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In North Carolina, Hundreds Protest Ferguson Decision

Hundreds gathered in downtown Durham on Tuesday night to protest the lack of charges against Darren Wilson. They held signs that read "We Are All Michael Brown."
Reema Khrais

Hundreds of people gathered throughout central North Carolina Tuesday night in response to the decision in Ferguson, Missouri to not indict white police officer Darren Wilson in the fatal shooting of black 18-year-old Michael Brown.

In Durham, dozens of protesters briefly stopped traffic on the northbound lanes of the Durham Freeway around 6:30 p.m.  They were chanting slogans like “No Justice, No Peace" and "No Racist Police." 

“We were just like shouting, clapping,” said local musician Alex Aff. “There was like a bunch of people playing drums, it’s like they had a whole band out there.”

The Durham police reported no arrests or injuries.

Aff and others later joined a much larger group in downtown Durham, where many of them were holding signs that read "We Are All Michael Brown."

Through music, painting and poetry, hundreds of demonstrators expressed frustration over the death of Brown. They called for police transparency and the need for communities to organize and unify.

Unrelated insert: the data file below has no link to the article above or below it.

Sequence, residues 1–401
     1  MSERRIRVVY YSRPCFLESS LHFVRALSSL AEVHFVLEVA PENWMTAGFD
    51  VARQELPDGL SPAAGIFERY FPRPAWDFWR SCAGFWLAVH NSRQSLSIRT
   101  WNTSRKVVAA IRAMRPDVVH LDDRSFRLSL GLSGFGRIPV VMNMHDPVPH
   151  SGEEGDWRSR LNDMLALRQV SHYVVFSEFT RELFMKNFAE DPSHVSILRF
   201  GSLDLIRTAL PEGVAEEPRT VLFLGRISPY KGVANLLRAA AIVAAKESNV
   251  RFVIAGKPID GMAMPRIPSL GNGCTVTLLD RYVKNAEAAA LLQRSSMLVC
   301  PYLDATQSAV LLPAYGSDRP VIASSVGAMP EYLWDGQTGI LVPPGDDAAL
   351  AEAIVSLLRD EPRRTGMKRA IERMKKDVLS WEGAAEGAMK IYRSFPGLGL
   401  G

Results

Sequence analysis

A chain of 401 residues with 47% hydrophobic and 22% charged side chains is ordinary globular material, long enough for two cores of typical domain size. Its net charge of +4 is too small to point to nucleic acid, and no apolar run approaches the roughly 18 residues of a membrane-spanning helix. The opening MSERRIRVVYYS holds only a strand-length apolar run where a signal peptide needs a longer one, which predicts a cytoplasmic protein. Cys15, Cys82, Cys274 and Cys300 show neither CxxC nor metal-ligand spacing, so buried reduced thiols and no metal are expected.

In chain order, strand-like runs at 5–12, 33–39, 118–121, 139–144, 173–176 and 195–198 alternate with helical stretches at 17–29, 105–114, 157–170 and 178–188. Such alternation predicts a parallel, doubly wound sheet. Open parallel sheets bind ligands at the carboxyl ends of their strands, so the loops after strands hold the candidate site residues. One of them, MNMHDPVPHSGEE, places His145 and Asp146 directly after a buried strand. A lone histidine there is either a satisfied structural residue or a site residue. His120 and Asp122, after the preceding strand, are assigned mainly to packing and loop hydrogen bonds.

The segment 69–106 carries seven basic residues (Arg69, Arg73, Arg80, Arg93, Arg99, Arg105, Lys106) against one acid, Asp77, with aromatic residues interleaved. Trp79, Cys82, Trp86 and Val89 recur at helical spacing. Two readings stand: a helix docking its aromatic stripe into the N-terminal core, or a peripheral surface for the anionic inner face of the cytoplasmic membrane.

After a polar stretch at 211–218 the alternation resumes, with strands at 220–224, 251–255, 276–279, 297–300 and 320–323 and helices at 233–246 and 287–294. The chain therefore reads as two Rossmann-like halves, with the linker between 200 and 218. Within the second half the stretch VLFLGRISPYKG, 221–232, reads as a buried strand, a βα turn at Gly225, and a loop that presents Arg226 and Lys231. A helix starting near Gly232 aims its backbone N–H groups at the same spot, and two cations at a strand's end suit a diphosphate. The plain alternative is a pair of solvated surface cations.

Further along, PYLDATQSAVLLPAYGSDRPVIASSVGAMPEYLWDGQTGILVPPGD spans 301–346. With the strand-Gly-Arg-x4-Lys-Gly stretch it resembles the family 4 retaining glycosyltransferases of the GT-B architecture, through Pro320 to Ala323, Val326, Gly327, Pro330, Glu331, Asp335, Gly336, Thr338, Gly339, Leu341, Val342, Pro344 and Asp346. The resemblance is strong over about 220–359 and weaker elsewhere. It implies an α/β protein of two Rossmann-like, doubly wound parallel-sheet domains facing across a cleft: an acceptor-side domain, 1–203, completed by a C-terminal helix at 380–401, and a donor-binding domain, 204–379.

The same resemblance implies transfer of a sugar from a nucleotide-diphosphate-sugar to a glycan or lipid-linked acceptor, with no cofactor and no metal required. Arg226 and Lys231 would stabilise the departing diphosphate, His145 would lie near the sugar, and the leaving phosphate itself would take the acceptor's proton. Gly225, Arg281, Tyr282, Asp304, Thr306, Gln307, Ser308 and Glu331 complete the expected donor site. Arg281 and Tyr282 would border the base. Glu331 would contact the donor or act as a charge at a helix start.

“There are moments in every kind of page, or chapter or history where people are kind of forced to wake up and I think this is one of those moments,” said Josh Vincent, a member of a group called Black IS. 

A smaller group of about 50 demonstrators gathered in Chapel Hill, where they marched to the Orange County Courthouse near UNC-Chapel Hill’s campus.

“I came out here because I couldn’t sit in my house after the past 24 hours, which have been hard,” said Llogan Walters, a third-year law student at UNC Chapel-Hill.

Walters said she wants the people of Ferguson to know that they are not alone in their grief.

“It is good seeing people gathering here, but I’m more interested in seeing what they do,” she added.

In Raleigh, hundreds of people peacefully gathered in Moore Square to pray and share frustrations.

“People are outraged at the lack of justice,” said Ajamu Dillahunt, who helped organize the Raleigh demonstration. “They’re angry about this decision in particular, but feel it is representative of what’s happening around this country with the murders of unarmed black people.”

Demonstration organizers say they anticipate teach-ins, community events and more protests in the coming weeks. 

Reema Khrais joined WUNC in 2013 to cover education in pre-kindergarten through high school. Previously, she won the prestigious Joan B. Kroc Fellowship. For the fellowship, she spent a year at NPR where she reported nationally, produced on Weekends on All Things Considered and edited on the digital desk. She also spent some time at New York Public Radio as an education reporter, covering the overhaul of vocational schools, the contentious closures of city schools and age-old high school rivalries.
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